Jace Laquerre isn’t sure he’s the youngest delegate at the Republican National Convention—there’s another who might beat him to that superlative—but he’s very clear about his skepticism of Donald Trump, his party’s nominee for president.
“I don’t really think he represents what young people would like to see,” said Laquerre, 17 and a rising high school senior from Colchester, Vt.. Laquerre would like see a GOP that puts more emphasis on “privacy, ending the NSA [National Security Agency], a non-interventionist foreign policy.”
After initially supporting Kentucky Sen. Rand Paul for the presidency, Laquerre, who says he’s a libertarian, switched his allegiance to Sen. Ted Cruz, and he was sporting a button for the junior Texas senator on the convention floor Wednesday. When we asked him his opinion of Trump’s K-12 policy, Laquerre said he’s pleased that Trump wants to end the Common Core State Standards. And like Trump, Laquerre is hostile to the idea of the U.S. Department of education. But after that, Laquerre thinks the candidate is very enigmatic.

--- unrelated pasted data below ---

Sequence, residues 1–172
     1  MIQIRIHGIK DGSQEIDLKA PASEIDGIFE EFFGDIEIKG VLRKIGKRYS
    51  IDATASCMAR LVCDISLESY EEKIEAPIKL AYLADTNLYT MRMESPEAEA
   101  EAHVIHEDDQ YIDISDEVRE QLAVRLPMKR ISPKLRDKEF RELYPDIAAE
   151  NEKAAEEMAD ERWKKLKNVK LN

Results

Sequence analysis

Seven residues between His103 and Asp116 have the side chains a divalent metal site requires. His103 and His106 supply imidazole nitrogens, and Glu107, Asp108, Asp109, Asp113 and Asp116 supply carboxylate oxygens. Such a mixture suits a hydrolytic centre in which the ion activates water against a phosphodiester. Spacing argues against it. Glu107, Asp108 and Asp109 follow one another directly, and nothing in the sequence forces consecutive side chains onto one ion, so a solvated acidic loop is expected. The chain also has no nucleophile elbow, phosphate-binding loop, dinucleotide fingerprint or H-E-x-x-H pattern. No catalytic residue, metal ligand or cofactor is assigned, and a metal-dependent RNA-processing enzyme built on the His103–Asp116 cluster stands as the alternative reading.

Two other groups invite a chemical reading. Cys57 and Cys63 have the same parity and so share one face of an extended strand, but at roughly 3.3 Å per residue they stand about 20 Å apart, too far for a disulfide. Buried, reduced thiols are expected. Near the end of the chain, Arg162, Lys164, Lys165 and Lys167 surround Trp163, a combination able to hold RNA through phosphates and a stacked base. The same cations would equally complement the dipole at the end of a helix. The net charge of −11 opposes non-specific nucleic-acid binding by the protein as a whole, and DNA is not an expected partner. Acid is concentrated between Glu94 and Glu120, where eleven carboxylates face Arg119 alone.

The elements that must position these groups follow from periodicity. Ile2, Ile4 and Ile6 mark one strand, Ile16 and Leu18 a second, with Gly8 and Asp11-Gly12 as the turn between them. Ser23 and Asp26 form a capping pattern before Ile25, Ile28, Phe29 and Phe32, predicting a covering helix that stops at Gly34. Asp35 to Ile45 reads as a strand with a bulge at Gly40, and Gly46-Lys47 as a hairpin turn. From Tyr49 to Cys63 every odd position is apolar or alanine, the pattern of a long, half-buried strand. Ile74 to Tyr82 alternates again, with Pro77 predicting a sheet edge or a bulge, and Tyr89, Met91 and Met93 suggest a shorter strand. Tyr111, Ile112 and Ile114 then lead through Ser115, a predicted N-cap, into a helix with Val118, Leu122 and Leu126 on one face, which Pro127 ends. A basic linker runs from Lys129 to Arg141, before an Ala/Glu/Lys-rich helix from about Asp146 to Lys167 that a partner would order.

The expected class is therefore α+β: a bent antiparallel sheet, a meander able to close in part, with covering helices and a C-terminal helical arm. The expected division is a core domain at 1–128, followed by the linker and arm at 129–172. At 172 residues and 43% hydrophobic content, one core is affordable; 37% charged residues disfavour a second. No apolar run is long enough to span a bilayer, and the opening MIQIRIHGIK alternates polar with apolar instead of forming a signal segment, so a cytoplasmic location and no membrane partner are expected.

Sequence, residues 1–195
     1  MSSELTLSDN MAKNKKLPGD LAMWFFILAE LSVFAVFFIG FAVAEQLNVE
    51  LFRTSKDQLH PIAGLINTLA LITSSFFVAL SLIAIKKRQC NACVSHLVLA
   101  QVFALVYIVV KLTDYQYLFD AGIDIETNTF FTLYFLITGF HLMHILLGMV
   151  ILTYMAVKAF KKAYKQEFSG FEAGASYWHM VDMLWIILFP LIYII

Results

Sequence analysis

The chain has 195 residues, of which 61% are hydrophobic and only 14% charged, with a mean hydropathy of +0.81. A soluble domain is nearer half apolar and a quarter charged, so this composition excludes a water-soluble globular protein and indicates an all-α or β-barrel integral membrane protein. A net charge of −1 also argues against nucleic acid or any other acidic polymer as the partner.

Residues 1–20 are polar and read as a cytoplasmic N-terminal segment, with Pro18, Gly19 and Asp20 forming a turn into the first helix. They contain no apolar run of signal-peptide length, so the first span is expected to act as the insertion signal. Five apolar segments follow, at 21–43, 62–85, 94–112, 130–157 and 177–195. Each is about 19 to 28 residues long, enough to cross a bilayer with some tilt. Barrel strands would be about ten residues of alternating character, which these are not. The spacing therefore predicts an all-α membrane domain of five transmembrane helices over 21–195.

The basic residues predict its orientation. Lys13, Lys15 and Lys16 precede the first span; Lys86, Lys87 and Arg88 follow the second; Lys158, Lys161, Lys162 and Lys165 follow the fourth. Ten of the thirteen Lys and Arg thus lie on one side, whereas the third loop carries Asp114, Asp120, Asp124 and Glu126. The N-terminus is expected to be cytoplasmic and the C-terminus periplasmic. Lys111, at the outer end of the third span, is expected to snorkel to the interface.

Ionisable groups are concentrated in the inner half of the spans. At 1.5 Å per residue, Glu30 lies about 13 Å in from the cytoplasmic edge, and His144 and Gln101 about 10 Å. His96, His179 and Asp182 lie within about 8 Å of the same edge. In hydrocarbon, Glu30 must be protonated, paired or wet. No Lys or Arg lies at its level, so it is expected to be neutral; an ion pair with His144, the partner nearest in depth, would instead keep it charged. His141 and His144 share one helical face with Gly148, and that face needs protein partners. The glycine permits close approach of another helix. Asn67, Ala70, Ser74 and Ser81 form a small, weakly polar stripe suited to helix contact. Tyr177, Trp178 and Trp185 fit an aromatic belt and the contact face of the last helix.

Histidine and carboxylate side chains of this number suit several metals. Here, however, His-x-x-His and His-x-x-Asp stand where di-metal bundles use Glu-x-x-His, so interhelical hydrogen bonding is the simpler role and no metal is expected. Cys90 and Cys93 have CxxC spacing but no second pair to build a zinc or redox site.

“I don’t think Trump has made his education plan quite clear,” Laquerre said. For his own part, when it comes to education, he added, “I would like to see the parents and the school boards have more say in how they teach their kids in the localities.”
What has Trump said about education? Click here to find out in our comparison of Trump and Clinton.
When Laquerre talks about his views with fellow classmates and others in the liberal stronghold of Vermont, he said he makes sure to express his opinions but also elicit the views of the other person, because “a good thoughtful discussion instead of, you know, insults and rhetoric is good to have, especially in a school environment.” (Democratic presidential hopeful Sen. Bernie Sanders of his home state does appeal to him in some ways, Laquerre said, such as his stance on privacy issues.)
Most young people are libertarians, but they just don’t know it, according to Laquerre. But looking around at his and other state delegations, Laquerre doesn’t really think the Republican Party understands that either.
“What really surprised me is how underrepresented the youth are,” he said of RNC delegates. “I think we need to get youth more involved in politics, and the Republican Party has a lot of work to do there.”
Photo: Jace Laquerre, a 17-year-old delegate from Vermont, on the floor of the Republican National Convention at the Quicken Loans Arena in Cleveland on Wednesday, July 20, 2016. (Swikar Patel/Education Week)
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